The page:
Verse (poetry)  

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In the countable sense, a verse is formally a single metrical line in a poetic composition. However, verse has come to represent any division or grouping of words in a poetic composition, with groupings traditionally having been referred to as stanzas.

In the uncountable (mass noun) sense verse refers to "poetry" as contrasted to prose. Where the common unit of verse is based on meter or rhyme, the common unit of prose is purely grammatical, such as a sentence or paragraph.

In the second sense verse is also used pejoratively in contrast to poetry to suggest work that is too pedestrian or too incompetent to be classed as poetry.

Types of verse

Blank verse

Blank verse is poetry written in regular, metrical, but unrhymed, lines, almost always composed of iambic pentameters.

   Of Man's first disobedience, and the fruit
   Of that forbidden tree, whose mortal taste
   Brought death into the World, and all our woe,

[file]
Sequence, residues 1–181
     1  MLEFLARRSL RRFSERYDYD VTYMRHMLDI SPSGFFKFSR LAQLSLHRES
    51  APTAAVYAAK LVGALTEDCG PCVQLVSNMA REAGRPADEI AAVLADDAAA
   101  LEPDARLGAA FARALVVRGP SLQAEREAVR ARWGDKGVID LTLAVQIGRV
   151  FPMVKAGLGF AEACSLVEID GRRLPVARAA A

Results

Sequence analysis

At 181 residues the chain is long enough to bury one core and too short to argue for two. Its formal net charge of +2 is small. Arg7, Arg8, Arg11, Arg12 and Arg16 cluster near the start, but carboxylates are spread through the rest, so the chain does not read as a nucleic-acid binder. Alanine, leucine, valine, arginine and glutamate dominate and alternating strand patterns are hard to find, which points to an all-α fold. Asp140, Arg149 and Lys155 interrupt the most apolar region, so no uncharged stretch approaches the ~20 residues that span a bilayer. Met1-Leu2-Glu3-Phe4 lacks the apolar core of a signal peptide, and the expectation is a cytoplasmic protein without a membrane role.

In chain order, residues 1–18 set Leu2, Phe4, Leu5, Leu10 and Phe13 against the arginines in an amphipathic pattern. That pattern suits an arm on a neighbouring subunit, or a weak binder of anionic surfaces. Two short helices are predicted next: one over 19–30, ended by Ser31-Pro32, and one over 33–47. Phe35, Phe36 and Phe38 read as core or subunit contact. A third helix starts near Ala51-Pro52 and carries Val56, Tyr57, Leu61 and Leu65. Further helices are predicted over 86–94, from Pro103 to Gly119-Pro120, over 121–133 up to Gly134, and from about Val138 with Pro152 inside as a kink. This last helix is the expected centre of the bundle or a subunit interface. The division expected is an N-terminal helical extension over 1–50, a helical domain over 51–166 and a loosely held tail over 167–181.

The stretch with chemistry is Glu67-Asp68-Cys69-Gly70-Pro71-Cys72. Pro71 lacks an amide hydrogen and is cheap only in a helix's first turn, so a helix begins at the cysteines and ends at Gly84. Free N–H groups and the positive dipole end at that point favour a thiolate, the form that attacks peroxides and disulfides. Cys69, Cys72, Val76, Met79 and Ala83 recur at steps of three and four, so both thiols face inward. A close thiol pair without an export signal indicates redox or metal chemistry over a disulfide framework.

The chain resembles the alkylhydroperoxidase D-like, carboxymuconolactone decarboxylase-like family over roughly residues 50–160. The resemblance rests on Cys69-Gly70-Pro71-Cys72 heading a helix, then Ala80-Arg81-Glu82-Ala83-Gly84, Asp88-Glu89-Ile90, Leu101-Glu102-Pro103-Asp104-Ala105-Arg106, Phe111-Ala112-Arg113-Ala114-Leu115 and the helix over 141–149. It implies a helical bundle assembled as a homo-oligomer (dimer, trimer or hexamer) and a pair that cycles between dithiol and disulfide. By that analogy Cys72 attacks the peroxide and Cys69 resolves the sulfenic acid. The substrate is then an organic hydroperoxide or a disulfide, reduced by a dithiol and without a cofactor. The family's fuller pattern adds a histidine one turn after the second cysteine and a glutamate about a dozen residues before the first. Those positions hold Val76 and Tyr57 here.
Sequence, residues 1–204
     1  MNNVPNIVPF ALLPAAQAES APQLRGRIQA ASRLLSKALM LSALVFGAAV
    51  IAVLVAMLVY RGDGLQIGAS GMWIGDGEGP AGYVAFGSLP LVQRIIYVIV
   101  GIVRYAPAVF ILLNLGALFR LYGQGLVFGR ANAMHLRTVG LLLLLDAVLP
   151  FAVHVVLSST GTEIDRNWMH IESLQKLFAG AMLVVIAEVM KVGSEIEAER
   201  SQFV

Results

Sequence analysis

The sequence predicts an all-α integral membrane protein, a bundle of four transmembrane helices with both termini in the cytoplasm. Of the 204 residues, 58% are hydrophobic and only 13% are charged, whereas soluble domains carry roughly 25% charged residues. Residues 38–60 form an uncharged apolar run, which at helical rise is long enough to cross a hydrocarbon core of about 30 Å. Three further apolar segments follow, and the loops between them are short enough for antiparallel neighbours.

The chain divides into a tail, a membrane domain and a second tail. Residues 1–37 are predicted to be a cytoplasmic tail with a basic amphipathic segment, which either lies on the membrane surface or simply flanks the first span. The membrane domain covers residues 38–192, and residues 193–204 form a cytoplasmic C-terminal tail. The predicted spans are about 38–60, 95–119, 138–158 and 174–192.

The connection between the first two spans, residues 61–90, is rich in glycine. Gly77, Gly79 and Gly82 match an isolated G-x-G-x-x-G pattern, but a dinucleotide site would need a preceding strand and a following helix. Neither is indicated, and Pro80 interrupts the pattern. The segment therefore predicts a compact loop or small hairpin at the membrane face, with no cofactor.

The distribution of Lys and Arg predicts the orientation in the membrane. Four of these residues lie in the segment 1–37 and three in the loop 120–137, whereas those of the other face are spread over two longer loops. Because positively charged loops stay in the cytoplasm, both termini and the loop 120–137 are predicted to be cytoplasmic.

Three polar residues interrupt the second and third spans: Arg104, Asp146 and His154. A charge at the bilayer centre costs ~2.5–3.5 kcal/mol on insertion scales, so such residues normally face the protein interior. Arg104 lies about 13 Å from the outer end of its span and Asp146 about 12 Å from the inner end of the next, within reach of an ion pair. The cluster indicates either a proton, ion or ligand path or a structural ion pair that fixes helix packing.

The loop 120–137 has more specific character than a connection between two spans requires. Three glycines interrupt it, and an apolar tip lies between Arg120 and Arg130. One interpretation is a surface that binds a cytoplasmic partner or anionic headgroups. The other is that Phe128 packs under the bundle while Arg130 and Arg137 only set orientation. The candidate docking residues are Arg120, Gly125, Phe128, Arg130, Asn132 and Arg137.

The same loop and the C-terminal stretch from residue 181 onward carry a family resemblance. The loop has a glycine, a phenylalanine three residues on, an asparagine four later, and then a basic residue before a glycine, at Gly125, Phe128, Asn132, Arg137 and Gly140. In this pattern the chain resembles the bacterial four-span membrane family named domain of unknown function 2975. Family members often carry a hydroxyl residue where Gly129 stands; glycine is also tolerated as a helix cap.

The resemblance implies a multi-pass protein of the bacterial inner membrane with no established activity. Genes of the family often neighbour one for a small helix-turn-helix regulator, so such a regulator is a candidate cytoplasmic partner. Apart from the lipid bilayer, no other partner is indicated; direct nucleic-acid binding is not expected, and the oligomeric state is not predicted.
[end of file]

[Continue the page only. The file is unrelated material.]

With loss of Eden, 'till one greater Man
                                             —John Milton (from Paradise Lost)

Free verse

Free verse is usually defined as having no fixed meter and no end rhyme. Although free verse may include end rhyme, it commonly does not.

   Whirl up, sea—
   Whirl your pointed pines,
   Splash your great pines
   On our rocks,
   Hurl your green over us,
   Cover us with your pools of fir.

Unless indicated otherwise, the text in this article is either based on Wikipedia article "Verse (poetry)" or another language Wikipedia page thereof used under the terms of the GNU Free Documentation License; or on research by Jahsonic and friends. See Art and Popular Culture's copyright notice.

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